Originally discovered in 1992, the archaeological treasure has recently opened to the public.
Named Church and Monasterv of Sir Bani Yas the site is believed to date back around 1,400 years.
"I think it's a misconception that there is no archaeology here," says Peter Magee, an archaeologist at the Abu Dhabi Department of Culture and Tourism. "There are other sites that remain un-excavated. The archaeology here goes back 8,000 years."
In the early nineties, the rocky infrastructure was thought to have no religious association. After further investigation, however, Christian crosses were unearthed, as was the architectural framework of a church and monastery.Architects also found items which implied that monks living in the monastery kept cattle and made good use of the sea for food. While other objects suggested they traded with their Muslim neighbours in the Arabian Gulf in the 7th and 8th century.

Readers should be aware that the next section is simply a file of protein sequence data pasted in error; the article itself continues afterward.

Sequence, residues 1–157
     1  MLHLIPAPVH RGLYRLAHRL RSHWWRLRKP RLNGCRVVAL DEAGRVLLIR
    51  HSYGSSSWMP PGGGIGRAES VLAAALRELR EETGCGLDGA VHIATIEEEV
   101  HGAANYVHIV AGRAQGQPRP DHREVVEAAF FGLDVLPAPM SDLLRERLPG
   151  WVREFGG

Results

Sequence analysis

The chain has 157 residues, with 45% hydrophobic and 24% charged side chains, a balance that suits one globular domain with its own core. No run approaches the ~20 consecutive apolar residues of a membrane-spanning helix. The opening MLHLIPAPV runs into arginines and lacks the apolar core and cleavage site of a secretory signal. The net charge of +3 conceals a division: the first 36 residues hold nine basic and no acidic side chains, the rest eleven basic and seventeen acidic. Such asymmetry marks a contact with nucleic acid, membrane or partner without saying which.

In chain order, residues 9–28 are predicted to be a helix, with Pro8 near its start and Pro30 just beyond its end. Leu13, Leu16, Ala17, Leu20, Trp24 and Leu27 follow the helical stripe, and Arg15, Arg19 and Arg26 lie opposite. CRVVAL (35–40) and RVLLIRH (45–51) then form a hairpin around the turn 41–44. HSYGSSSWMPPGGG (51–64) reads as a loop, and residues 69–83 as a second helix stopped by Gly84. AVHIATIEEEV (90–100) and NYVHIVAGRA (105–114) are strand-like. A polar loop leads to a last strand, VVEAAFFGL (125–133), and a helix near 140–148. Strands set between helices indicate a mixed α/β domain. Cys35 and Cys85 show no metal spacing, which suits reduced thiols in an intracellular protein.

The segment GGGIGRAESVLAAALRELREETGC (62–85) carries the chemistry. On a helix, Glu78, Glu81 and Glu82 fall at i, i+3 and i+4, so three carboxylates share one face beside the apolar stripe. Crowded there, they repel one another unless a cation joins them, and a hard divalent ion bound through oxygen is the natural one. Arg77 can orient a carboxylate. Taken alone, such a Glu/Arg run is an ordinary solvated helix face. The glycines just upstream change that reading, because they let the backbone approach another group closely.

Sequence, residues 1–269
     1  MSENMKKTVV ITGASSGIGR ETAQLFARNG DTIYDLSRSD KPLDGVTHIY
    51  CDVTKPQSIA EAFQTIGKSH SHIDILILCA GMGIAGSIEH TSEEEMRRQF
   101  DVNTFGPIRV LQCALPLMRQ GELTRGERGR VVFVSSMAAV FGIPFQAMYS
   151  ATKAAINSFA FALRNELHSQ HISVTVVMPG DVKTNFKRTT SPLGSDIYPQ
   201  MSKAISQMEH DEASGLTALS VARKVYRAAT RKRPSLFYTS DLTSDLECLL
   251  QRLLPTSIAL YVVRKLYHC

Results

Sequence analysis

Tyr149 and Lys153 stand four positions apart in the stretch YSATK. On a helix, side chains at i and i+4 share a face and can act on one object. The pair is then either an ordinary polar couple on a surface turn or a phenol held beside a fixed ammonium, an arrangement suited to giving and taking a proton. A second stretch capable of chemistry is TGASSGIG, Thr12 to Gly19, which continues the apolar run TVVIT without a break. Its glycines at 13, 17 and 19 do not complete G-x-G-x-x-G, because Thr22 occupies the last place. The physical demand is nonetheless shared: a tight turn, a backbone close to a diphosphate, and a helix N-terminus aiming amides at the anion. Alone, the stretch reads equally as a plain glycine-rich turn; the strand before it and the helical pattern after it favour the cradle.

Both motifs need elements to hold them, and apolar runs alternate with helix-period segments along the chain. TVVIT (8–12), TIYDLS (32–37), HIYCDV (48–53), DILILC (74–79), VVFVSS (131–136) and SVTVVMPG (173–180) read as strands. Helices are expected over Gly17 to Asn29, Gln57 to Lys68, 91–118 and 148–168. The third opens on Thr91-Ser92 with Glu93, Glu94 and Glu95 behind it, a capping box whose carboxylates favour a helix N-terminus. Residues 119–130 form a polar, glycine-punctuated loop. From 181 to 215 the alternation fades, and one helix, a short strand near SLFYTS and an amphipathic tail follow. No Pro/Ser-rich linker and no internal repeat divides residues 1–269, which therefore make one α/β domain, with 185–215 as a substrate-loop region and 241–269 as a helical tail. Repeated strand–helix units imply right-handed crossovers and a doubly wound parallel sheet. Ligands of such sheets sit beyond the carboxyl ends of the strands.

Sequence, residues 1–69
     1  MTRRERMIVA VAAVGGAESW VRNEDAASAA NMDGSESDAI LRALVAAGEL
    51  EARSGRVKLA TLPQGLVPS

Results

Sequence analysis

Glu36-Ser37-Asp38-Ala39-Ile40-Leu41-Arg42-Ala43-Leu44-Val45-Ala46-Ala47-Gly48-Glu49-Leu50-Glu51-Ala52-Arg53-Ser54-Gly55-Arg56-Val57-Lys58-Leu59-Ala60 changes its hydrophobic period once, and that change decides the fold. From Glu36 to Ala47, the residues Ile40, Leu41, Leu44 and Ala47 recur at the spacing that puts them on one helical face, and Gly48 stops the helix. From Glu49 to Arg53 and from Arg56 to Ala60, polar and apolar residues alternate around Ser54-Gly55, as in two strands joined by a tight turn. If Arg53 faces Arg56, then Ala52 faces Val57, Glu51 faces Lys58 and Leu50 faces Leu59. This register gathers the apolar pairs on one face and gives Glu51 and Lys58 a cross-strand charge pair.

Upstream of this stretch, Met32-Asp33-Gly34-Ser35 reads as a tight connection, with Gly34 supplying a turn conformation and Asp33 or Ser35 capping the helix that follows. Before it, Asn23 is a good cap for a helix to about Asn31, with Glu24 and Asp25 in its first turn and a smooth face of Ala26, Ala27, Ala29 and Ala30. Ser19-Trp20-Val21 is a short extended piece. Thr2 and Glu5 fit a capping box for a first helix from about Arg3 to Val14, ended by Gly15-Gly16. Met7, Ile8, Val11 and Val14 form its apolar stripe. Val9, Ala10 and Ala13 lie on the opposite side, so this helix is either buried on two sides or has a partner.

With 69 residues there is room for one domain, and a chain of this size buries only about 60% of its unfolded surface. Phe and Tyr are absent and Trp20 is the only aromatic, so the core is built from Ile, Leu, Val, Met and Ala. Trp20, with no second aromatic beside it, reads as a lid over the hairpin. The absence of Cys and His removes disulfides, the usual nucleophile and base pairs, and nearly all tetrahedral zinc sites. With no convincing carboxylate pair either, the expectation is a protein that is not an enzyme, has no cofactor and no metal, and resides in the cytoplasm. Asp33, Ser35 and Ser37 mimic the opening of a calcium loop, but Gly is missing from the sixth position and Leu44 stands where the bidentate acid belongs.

"At least for 100 years, there was a Christian community here and Christians and Muslims were living very peacefully side by side," says Magee, adding that the monastery is one of the few historic Christian sites in the Gulf.
Other similar plots in the region include Saudi Arabia's Eastern province of Jubail and two churches on Kuwait's Failaka Island.
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